high speed proved fatal.
"Some people may appear to be
dead, but can be revived. In one
case, a 10-year-old boy was
resuscitated after approximately
13 minutes with no vital signs,"
Dr. Strasser said. "He eventually
recovered with the only apparent
residual of the trauma, a nasal,
somewhat slurred speech.
Neurologic effects resulting from
lightning injuries are numerous
and unpredictable. Some unjuries
can develop years later, such as
the patient who developed an
ulcer in a 35-year-old lightning
The tremendous force of the
lightning can cause cataracts, cor-
neal ulcers, retinal detachment or
optic nerve injury to the eye. Ears
can Ik- injured by the crash of
thunder, and proximity of these
sound waves. The shock waves
most commonly cause tympanic
membrane rupture.
"Lightning injuries are certain-
ly complex, but one thing I would
like to stress is that prompt treat-
ment can save a person even if
they appear to have been killed,"
Dr. Strasser said. "Car-
diopulmonary resuscitation and
other appropriate measures
should be undertaken immediate-
ly to try to revive the person. That
person, if saved, will certainly
have other traumas, perhaps
retrograde amnesia, hypertension
or pulmonary problems, but these
usually resolve. The patient could
later develop cardiac arrhythmias,
neurologic problems or other pro-
blems because these are com-
plicated multi-system injuries, so
follow-up is essential."
Dr. Strasser believes an ounce
of prevention is worth a pound of
cure. He suggests residents of the
"thunderstorm and lightning
capital of the U.S." follow some of
these precautions: Immediately
move into a large building during
a lightning storm and certainly
avoid standing in an open field or
on a hilltop. Don't stand under a
natural lightning rod such as a
tall, isolated tree; move awny
from metal objects such as farm
equipment, bicyles, golf carts and
noted that demographic surveys
have revealed a mobility within
the North American Jewish Com-
munity that point to the creation
and existence of a national Jewish
community. "No longer are we
concentrated in urban enclaves
with built-in support systems,"
they said in a joint statement.
Jews live in communities of every
size and description and in areas
that are no longer identifiable as
"Jewish neighborhoods."
This fact, along with the one
which shows that demographic
surveys reveal that Jewish Family
Service agencies are among the
least known of the Jewish Com-
munal Service Agencies, were im-
portant factors in the creation of
the ESN. "Because JFS agencies
are so adept at serving the elder-
ly, the ESN was created to make
these agencies more accessible to
those in need of social services,'1
stated Mr. Nebenzahl.
The Elder Support Network is
modeled after programs run by
local Jewish Family Service Agen-
cies around the country, par-
ticularly in Florida. There are now
almost 70 partner agencies enroll-
ed in communities of every size
from coast to coast, and including
several in Canada. David
Saltman, Executive Director of
the Miami Jewish Family Service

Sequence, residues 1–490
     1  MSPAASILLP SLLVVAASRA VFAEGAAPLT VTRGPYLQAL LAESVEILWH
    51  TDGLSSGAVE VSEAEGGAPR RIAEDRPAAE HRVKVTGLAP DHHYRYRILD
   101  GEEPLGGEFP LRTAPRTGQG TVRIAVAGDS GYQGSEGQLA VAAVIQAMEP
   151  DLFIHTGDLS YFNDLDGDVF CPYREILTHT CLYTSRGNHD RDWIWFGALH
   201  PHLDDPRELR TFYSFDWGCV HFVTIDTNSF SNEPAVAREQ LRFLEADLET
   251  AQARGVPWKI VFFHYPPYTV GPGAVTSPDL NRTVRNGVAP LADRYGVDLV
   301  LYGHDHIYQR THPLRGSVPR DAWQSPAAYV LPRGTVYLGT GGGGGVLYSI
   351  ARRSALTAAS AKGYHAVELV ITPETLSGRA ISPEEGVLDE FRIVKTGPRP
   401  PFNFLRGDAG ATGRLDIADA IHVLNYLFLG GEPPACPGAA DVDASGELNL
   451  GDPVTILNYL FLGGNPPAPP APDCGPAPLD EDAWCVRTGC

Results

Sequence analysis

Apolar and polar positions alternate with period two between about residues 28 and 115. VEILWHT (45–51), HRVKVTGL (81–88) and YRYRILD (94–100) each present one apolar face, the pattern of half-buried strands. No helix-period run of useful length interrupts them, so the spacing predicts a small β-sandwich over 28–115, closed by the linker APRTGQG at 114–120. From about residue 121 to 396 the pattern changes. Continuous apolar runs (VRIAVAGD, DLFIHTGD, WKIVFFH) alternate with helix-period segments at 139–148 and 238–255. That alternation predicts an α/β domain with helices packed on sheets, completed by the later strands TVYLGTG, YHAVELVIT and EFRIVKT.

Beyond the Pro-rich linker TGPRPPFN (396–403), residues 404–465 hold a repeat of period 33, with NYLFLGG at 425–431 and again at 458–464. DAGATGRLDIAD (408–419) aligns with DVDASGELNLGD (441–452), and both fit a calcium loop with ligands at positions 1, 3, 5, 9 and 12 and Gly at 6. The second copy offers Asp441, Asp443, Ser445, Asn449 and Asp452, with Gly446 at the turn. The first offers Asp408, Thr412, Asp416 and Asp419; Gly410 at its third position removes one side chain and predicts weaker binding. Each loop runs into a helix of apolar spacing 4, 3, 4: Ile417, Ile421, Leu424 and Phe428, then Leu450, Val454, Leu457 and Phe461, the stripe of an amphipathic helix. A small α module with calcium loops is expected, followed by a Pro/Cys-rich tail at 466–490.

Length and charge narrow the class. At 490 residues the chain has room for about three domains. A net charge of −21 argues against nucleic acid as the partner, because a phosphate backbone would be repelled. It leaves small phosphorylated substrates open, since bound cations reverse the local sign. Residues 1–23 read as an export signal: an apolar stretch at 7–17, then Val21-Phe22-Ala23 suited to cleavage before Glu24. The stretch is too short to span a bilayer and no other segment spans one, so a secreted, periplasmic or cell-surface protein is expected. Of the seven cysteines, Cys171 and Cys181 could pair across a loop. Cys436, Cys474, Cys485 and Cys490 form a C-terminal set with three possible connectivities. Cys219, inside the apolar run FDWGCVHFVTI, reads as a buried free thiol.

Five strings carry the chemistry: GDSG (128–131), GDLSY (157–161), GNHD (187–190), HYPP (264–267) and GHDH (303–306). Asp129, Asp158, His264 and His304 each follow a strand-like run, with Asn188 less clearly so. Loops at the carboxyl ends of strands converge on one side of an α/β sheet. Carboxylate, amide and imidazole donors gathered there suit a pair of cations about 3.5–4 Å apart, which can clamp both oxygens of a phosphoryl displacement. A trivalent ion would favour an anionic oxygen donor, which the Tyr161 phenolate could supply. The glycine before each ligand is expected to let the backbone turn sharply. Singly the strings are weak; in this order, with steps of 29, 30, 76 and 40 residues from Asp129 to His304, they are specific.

and chairperson of the ESN
Technical Advisory Committee.
said that ESN partners have
agreed to be governed by a
Policies and Procedures Manual
that sets minimum standards of
practice. "All partners are
already providing the services
established as minimum criteria,"
said Mr. Saltman. The ESN will
hopefully raise the visibility of
these agencies and allow people to
make use of the valuable services
they can perform.
Since most people call after a
problem with a parent has arisen,
explained Mr. Saltman. ESN part-
ners are also committed to getting
back to any one making an inquiry
in the shortest possible time. "It's
been our experience in Miami that
most people call after a problem
has surfaced but before it becomes
an emergency," explained Mr.
Saltman. He added that callers do
appreciate the prompt response
afforded by the ESN.
The Elder Support Network can
be contacted by dialing a toll free
number, 1-800-634-7654. Callers
will be asked to give the Network
operators some information about
the elder relative they are referr-
ing and al>out themselves. This
will include a brief description of
what they consider the problem to
be as well as the home phone
number and address of the person
they are referring.
The Network operator will then
notify the Partner agency in the
parent's community which, in
turn, will conduct the person who
made the initial referral. The
worker from the Jewish Family
Service agency will ask for more
details about the case and, in turn,
will initiate contact with the elder
relative. An evaluation of the case
will be made and a treatment plan
will be suggested where ap-
propriate. "Service can be provid-
ed only if the elder person agrees
to accept it," cautions Mr.
There are usually fees attached
to the provision of service. Mr.
Saltman urged that anyone about
to engage in a contract with a
Jewish Family Service agency for
service to the elderly should
discuss these fees before any ser-
vice is given. Fees do vary from ci-
ty to city and all Partner agencies
have agreed to provide a sliding
scale of fees based on ability to
pay. Further information about
the Elder Support Network may
be obtained by calling Jewish
Family Service of Broward Coun-
ty at 749-1505 or 966-0956 or
ESN at 1-800-634-7654. Referrals
can also be made through one of
these two resources.
The Elder Support Network is a
lervice of the Association of
Jewish Family and Children's
Agencies. AJFCA is a national
membership organization of
Jewish Family Service agencies
throughout North America. The
Association offers its members
consultation, personnel placement
services, conference and program-